So the thing is, we live in troubling times. When you cannot count on the leader of the free world to denounce hatred, white supremacy, racial superiority, then who can you count on? This man manages the entire government. And the core function of government is to protect its citizens. He said he will not protect some of its citizens unless they meet certain racial religious criteria. That is deeply disturbing.

FIX: White supremacists used to hide behind hoods — now they’re showing their faces and giving interviews. Why do you think they feel so emboldened?

ELLISON: I think the white supremacists are feeling emboldened because they received the signal from the president of the United States that it's all right for them to be active, to be aggressive, to be threatening. They feel greenlighted.

In fact they said after the initial attack that they made, in the killing of Heather Heyer: Hey look, he has not denounced us specifically, he has not specifically criticized us. That's what they put on the Daily Stormer. Now I do read the Daily Stormer. I'm a little disappointed that they've been kicked off Google and other aspects of the Internet, because I like to know what they're up to. But I can tell you this. You know their initial response was that they felt like they were being emboldened.

But I'll tell you this, I mean, this is not the first time they've come out and been very, very aggressive. They have been holding rallies outside of mosques for the last several years. And the federal government, the FBI, Homeland Security, has issued reports saying these people are getting more aggressive and more violent. But Donald Trump doesn't seem to have a problem. In fact, Donald Trump, you know, seems to be encouraging them.

FIX: Charlottesville seems to have brought people together, at least for the moment — how do you keep that sense of unity and common purpose alive in the longer term?

ELLISON: Well let me tell you, I don't think we're going to have any trouble building unity and common purpose, and I just want to say that I am asking every church, every mosque, every synagogue, every temple, every Quaker meeting, every religious gathering, secular people, even if you have no religious affiliation at all, gathered in your neighborhoods, gather in your communities and in your houses of worship, in your clubs and your VFW halls, and talk about what it means to have a tolerant society.

We have fought hard. We went through a civil war, a civil rights movement, a women's rights movement. We have done so much to create a country where we can say “liberty and justice for all.” We believe that these things, this unity we have, this tolerance we have, is hard fought. We cannot let these people drag us back to the bad old days.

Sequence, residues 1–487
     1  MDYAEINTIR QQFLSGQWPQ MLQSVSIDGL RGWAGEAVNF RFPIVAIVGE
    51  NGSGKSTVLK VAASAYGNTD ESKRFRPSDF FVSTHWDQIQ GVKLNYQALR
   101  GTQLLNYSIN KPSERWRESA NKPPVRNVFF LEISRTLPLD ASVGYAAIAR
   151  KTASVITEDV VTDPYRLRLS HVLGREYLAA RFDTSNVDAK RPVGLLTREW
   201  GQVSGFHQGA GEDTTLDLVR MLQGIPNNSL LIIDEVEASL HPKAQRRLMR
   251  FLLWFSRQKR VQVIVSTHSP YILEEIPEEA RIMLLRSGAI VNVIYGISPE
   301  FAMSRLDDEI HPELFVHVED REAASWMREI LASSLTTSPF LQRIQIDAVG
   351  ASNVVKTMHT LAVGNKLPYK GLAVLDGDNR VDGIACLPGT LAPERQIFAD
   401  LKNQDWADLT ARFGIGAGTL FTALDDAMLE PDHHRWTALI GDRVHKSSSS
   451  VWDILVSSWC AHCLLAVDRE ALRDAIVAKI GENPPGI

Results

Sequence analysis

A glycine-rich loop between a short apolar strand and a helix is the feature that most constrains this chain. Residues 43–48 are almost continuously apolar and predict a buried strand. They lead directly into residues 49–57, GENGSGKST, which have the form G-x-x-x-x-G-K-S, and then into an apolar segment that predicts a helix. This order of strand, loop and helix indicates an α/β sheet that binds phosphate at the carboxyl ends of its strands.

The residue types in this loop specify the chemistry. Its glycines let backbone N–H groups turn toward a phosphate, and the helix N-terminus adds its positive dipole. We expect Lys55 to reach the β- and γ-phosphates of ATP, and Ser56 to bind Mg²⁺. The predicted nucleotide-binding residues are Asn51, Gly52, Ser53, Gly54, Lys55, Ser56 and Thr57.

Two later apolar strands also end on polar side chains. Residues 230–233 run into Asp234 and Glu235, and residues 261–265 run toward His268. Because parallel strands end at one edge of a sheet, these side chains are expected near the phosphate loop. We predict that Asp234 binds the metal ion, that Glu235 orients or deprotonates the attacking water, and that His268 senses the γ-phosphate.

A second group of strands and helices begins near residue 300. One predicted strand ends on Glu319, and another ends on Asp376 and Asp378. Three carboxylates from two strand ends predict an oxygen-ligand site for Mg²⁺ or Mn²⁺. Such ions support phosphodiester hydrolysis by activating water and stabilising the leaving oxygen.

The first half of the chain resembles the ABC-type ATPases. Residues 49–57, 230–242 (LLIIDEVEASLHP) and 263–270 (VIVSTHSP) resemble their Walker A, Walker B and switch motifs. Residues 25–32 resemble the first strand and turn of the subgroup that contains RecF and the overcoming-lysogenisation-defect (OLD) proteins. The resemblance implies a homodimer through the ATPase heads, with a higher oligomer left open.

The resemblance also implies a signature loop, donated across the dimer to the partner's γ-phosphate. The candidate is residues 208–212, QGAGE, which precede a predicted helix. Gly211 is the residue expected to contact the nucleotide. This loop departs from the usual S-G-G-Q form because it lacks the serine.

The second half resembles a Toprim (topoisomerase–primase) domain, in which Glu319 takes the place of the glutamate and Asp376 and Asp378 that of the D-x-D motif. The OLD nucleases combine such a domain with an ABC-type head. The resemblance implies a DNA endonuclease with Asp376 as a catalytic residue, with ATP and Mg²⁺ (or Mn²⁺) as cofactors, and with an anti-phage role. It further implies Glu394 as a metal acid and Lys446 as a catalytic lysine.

The truth is that we need leaders to stand up. And these are not people who will, maybe they won't ever be on national television, but they will be in their local communities gathering neighbors together to say, “You know what? In this church, this mosque, this synagogue, this block, this neighborhood, this VFW hall, we are going to talk about how we as Americans live together. We're going to talk about the contributions of all. We're going to talk about the unity, we're going to talk about how we stay together, how we stick together,” and that is what I'm calling on people to do.

I think it is critical that we retie ourselves to that core value of liberty and justice for all, equal protection under the law for all. This is essential, that we do this right now.

FIX: What do Democrats need to do between now and 2018 to have a chance at taking back the house?

ELLISON: The Democrats have got to go into the streets, go into the neighborhoods, go into the communities. We have got to be visible, palpable and present in the lives of Americans. People have got to know that this is not about winning some election. This is about saving our country. This is about — and anybody who calls himself a Democrat needs to step up and meet their neighbors, engage them and tell them, this is the time to have a community meeting, a town hall meeting, write a letter to the editor. This is a time to vote. This is a time to vote your values, because representative democracy, tolerance and inclusion, constitutional law is on the line at this moment.

You know, we have a president who is greenlighting the worst elements, not just in America but in the world. And so we've got to do something about it. And so we're calling on people's patriotic commitment to step up and get involved. And we definitely have to vote, and more than vote, we have to build a community that is inclusive, that allows everyone to be who they are, be free without fear of violence or exclusion.